The answer/question would be: Who is Vincent Allemany?
I wanted to find out if the stories Husband related about his step-grandfather’s life were true. Indeed, I wanted to verify what little we knew about him. What I found was an individual who as a youth had found adventure first and troubles later. A hard drinker, Vincent Allemany spoke Spanish, French, English, and some Russian; he worked as a soldier, a stone mason, and a cement finisher for a construction company.
Vinnie was born in Dely Ibrahim, near Algiers, Algeria, on 18 May 1898 to Spanish parents, Francisco Vincente and Josephine Olzina Allemany. While his birth record seemed to be clear about his parents’ names, giving his mother’s name as Alfonsine Cosé, someone had corrected his mother’s names in blue pencil to Josephine Olzina. I later confirmed the correction with his Original Livre de Famille (military papers), but his marriage and death certificates agree with the original birth certificate. On his INS Declaration of Intention, he gave his mother’s name as Josephine Cosé. I discovered throughout my research that Vinnie and his family often “confused” (accidentally/on purpose) names, dates – especially birth dates – and origins so that primary sources don’t always agree, secondary sources offer differences again, and even information “from the horse’s mouth” isn’t reliable. Clearly, they were not people interested in giving any future historians a break.
The Allemany family lived in the French colony of Algeria in the 1890s after generations of that family had repeatedly fled Spain, the Inquisition, and its other problems, always returning until the next reason to leave. Vinnie at different times claimed to be either Spanish or French. He was right either way.
I discovered throughout my research that Vinnie and his family often “confused” (accidentally/on purpose) names [and] dates…
We know nothing about Vincent Allemany as a child. We do know, however, that he had joined the French Foreign Legion by 1917, and Vinnie told of his service as part of the Loubignac mission to Vladivostok (Siberia) to guard the Imperial gold being transported from Petrograd because of the German threat to that city. Vinnie arrived in Vladivostok, but the gold didn’t. To my knowledge, that shipment has never been found.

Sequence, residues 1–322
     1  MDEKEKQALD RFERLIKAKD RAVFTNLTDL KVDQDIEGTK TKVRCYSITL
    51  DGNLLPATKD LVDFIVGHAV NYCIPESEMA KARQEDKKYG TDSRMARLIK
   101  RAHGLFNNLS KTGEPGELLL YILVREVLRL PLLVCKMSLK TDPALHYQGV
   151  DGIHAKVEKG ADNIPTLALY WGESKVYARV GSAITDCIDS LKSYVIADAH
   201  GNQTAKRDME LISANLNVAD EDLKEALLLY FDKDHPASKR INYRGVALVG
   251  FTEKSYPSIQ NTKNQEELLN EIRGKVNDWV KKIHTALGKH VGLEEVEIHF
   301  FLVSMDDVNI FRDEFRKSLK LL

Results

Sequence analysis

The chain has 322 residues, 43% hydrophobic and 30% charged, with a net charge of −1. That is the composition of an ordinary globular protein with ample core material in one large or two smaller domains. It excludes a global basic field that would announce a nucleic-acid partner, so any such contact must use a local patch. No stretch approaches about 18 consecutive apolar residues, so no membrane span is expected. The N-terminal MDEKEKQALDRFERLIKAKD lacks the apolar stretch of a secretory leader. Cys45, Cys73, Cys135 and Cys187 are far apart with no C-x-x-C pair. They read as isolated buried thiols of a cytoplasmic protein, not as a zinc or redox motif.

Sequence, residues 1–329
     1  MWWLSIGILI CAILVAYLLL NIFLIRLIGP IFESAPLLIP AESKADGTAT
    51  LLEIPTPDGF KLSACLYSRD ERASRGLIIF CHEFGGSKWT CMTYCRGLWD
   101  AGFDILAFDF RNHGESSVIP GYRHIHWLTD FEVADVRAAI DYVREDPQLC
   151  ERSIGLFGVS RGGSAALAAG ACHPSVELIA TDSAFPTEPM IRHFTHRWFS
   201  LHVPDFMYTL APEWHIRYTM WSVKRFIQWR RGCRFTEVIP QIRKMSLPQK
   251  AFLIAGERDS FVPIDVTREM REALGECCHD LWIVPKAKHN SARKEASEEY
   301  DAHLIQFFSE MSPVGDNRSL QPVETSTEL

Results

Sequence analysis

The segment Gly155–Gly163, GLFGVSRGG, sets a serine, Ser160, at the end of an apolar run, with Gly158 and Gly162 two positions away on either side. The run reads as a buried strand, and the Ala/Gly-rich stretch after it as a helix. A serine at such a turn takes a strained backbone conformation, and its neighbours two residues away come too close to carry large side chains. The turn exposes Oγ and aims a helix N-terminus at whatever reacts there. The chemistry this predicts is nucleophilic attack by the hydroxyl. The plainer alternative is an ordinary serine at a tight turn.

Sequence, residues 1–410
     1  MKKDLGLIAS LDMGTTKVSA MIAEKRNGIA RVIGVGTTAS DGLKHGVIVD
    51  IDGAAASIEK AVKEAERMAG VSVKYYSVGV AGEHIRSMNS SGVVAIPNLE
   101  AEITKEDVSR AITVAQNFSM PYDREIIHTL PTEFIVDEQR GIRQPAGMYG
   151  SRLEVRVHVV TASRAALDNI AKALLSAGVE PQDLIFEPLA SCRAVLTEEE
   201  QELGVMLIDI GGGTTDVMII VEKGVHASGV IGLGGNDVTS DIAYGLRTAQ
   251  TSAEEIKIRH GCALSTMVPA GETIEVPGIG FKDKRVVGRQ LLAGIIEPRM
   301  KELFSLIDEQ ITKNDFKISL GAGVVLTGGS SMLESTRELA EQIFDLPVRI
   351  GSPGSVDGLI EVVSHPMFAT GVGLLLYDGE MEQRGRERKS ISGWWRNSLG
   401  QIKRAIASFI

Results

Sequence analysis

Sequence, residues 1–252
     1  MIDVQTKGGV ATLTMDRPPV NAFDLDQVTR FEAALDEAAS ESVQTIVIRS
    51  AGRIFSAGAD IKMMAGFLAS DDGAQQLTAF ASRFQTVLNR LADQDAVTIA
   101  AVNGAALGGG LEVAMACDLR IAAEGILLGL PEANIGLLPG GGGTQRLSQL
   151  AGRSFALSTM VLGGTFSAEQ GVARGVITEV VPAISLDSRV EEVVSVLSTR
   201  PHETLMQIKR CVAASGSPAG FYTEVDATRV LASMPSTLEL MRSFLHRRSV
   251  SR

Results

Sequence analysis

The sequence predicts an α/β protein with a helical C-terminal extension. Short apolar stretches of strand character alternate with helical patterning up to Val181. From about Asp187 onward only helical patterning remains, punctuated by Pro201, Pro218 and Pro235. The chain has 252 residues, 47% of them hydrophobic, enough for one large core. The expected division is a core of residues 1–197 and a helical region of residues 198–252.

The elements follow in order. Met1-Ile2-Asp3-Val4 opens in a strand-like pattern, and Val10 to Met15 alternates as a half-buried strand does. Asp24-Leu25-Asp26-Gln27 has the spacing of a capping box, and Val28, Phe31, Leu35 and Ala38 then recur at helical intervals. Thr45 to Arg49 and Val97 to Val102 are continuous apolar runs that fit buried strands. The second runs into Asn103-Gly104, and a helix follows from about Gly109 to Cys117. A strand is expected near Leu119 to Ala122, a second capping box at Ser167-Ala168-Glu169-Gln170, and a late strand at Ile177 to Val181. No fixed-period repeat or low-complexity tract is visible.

After travelling from New York to San Francisco in November 1918, and on to Hawaii where they were delayed because of a typhus outbreak in Vladivostok, Vinnie arrived at his destination in March 1919. He told of what strong, violent, and heavy drinkers the Russian soldiers were, how brawls often ended in fatal stabbings, how idleness created that unstable and dangerous environment, and how glad he was that the Legion gave him the choice of returning to San Francisco. He was there by 25 October 1919, lodging (for the second time perhaps) with Louis-Henri, Marie-Anne, and Gabrielle Rouzies (age 23), all of whom had emigrated from France in 1907.
Enter Cupid, stage left, blindfolded and with a crooked arrow. By January 1920, Vincent Allemany and Gabrielle Rouzies were engaged to be married after a certain determined mother arranged a military discharge for her future son-in-law. The details of the French romance made the newspapers. On 6 January 1920, Father L. Le Bihan performed the marriage ceremony in San Francisco Mayor James Rolph’s office.
Sadly, the romance ended soon after. Vinnie and Gabrielle often went separate ways while always communicating for the benefit of their only child, daughter Yvonne, born on 4 December 1922. In 1930, Gabrielle and Yvonne were living with the Rochez family as “servant and lodger” and Vinnie was in New Jersey, single, Spanish, and a servant in a country club. (They might have been estranged, but they never divorced.) By the 1940s the Allemanys were together again, but for how long is unknown. Yvonne tried often to get her parents back together and finally succeeded a few years before Vinnie’s death in 1974. Both parents lived with Yvonne and her husband in their declining years. (Gabrielle died in 1991.)
The soldiers of the French Foreign Legion have always had a mixed reputation but have always been known as tough men. I’ve found one who wasn’t as tough as Cupid.